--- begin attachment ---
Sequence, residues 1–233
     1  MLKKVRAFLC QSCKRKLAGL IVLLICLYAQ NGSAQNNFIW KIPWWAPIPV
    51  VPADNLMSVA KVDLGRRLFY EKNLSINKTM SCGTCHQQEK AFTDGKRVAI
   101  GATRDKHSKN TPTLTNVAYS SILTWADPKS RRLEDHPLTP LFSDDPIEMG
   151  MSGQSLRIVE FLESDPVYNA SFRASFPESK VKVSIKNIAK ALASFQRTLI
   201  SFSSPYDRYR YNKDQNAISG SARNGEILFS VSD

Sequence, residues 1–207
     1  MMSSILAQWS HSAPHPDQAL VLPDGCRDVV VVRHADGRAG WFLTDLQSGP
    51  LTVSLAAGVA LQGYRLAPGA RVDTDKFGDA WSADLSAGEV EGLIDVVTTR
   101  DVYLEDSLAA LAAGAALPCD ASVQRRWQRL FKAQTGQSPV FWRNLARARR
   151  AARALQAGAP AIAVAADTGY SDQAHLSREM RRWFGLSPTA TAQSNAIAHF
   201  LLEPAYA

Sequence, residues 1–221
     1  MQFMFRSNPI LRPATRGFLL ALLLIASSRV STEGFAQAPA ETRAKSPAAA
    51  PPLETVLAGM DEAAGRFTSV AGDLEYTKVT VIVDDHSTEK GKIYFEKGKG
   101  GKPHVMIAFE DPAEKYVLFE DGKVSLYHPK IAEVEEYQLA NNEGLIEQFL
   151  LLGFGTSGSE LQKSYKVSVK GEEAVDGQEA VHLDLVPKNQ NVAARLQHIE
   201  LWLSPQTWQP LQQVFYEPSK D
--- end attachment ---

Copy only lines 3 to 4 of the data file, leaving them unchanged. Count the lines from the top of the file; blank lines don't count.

    51  VPADNLMSVA KVDLGRRLFY EKNLSINKTM SCGTCHQQEK AFTDGKRVAI
   101  GATRDKHSKN TPTLTNVAYS SILTWADPKS RRLEDHPLTP LFSDDPIEMG